Pelvic Floor Muscle Training With and Without Biofeedback for Urinary Incontinence and Pelvic Organ Prolapse

Pelvic Floor Muscle Training With and Without Biofeedback for Urinary Incontinence and Pelvic Organ Prolapse

Kari Bø


The female pelvic floor consists of fascias, ligaments, and the pelvic floor muscles (PFM). The PFM form the base of the abdominal cavity on which the pelvic organs rest and where the urethra, vagina, and rectum pass through. The area surrounding the three openings of the pelvic floor in women (the levator hiatus) is the largest hernia port in the body.1,2 The PFM comprise three layers of muscles with the different muscles having different origins, insertions, and fiber directions. There is continuous muscle activity of the PFM, except just before and during voiding and defecation.3 If we were able to contract each muscle of the pelvic floor separately, each muscle would have a different function. However, a voluntary contraction of the PFM implies a mass contraction observed as a squeeze around the openings and a lift of the pelvic floor in a forward and inward (cranial) direction.4 Unfortunately, several studies have found that more than 30% of women with urge incontinence (UI) are not able to contract the PFM at their first consultation, even after thorough individual instruction.5 The most common errors are to contract other outer pelvic muscles such as hip adductor, gluteal muscles, and abdominal muscles instead of or in addition to the PFM.5,6 In addition, Bump et al.7 found that 25% were straining instead of performing a squeeze or inward lift of the pelvic floor. They also found that among women who were able to contract, only 49% were doing a contraction of enough intensity to influence the urethral closure pressure. To be effective in treatment of UI, it is essential that the women can perform a correct contraction and with adequate strength to make a difference.

In an intact and well-functioning pelvic floor, the connective tissue of the ligaments and facias and the PFM act together to counteract the impact of any increase in intra-abdominal pressure and ground reaction forces, keeping the pelvic organs in place with little downward movements and little or no opening of the levator hiatus area and/or the urethra.1,2 This is an automatic function, and for women with a well-functioning pelvic floor and no symptoms, there is no need to think about voluntarily contracting the PFM.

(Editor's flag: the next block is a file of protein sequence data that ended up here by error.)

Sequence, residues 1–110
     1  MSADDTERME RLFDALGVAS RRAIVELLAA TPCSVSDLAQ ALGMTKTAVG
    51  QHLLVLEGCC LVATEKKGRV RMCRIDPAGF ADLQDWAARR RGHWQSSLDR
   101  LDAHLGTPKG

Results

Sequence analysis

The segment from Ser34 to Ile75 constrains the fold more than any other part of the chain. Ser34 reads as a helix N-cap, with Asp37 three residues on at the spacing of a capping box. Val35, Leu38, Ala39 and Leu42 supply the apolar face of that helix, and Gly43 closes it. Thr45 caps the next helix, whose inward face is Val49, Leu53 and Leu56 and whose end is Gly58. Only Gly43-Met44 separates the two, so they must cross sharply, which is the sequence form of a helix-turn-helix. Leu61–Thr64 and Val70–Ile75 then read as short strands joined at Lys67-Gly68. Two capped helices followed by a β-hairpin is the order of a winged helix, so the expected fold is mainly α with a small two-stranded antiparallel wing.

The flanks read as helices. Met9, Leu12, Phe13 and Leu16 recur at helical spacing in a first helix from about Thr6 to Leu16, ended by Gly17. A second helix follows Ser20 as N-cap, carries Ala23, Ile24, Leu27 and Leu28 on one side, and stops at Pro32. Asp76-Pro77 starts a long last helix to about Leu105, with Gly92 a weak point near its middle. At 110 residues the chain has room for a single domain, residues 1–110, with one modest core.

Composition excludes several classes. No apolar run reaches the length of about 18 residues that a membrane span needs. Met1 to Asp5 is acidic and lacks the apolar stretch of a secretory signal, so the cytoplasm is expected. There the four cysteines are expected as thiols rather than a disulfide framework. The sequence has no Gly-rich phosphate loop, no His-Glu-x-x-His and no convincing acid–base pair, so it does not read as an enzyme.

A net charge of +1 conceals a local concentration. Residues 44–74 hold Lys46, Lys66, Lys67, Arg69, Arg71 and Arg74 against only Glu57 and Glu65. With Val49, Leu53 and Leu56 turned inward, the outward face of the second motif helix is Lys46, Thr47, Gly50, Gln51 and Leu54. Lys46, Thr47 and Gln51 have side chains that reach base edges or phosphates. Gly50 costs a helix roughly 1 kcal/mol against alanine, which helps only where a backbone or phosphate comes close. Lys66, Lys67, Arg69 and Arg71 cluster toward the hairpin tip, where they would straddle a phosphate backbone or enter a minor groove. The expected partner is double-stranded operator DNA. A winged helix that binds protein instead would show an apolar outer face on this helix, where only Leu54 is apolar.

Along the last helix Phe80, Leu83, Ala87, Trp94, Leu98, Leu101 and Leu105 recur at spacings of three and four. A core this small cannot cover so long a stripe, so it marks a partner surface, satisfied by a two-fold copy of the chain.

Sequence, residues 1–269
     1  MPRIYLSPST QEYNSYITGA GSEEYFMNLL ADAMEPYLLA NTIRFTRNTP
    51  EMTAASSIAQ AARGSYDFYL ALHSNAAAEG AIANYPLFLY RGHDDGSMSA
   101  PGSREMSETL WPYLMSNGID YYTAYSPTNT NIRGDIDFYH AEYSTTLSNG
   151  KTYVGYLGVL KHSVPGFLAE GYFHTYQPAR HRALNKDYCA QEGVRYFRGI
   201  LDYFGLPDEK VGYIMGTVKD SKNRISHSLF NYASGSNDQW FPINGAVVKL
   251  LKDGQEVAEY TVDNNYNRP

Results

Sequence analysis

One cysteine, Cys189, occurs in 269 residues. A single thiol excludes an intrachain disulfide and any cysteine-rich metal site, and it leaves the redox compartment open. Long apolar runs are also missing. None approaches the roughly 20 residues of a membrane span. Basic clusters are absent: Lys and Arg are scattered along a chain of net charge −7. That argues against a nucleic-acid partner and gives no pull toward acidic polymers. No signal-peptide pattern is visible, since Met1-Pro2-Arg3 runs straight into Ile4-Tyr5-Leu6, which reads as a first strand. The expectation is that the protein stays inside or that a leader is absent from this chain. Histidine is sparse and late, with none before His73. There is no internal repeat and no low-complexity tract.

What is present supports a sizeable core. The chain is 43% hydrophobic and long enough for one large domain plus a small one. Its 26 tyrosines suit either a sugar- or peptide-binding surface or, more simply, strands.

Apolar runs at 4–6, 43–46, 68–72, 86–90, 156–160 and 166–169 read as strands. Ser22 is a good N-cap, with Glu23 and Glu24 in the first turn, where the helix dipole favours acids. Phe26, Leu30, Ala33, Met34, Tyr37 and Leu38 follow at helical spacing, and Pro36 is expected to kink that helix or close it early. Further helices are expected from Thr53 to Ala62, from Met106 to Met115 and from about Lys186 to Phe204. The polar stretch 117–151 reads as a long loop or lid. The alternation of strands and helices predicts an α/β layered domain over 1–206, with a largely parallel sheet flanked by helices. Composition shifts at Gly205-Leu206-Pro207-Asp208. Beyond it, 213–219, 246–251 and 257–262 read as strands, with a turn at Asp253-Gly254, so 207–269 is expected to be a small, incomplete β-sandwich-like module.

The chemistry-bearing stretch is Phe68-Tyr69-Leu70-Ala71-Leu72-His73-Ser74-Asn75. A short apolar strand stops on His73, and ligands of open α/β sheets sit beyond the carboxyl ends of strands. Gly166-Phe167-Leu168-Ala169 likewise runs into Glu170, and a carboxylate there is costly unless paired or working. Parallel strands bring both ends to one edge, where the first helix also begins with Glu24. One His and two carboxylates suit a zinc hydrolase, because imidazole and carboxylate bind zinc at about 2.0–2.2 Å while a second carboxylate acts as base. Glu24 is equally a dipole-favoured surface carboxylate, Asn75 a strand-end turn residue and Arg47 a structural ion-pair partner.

If, for some reason, this entity is not working adequately, for example, due to inherited morphologic factors or acquired factors, pelvic floor dysfunctions may occur.1,2,3 Pelvic floor dysfunctions include UI, anal incontinence, pelvic organ prolapse (POP), sensory and emptying abnormalities of the lower urinary tract, defecatory dysfunction, sexual dysfunction, and chronic pain syndromes.2 DeLancey et al.2 described the integrated lifespan model where they used a graphical tool to integrate pelvic floor function related to pelvic floor disorders in three major phases. These phases are development of functional reserve during an individual’s growth; variations in the amount of injury and potential recovery that occur during and after vaginal birth; and deterioration occurring with advancing age. This chapter focuses on PFM training (PFMT) in treatment of stress urinary incontinence (SUI), overactive bladder (OAB) symptoms, and POP.


The PFM are the only muscles in the body with an anatomical location surrounding the levator hiatus and the three pelvic openings in women. Bø et al.8 described a possible mechanism for how voluntary contraction of the PFM and strength training over time may positively affect PFM function and prevent and treat UI. A single voluntary contraction of the PFM increases urethral closure pressure9; causes simultaneous co-contraction of the urethral sphincter10; and reduces the levator hiatus area by 25%, from a resting area of 20 cm2 (95% confidence interval [CI] 17 to 23) to 15 cm2 (95% CI 13 to 17). The muscle length shortens 21%, from 12.5 cm (95% CI 11.1 to 13.8) to 9.7 cm (95% CI 8.7
to 10.7),11 and lifts the pelvic floor higher up in the pelvis, stabilizing the pelvic floor.8 One effective approach, known as “the Knack,” is to practice precontraction/co-contraction of the PFM during situations where such contractions are needed to prevent loss of urine.12 However, it is unknown whether this approach leads to automatic precontraction/co-contraction of the PFM during such situations.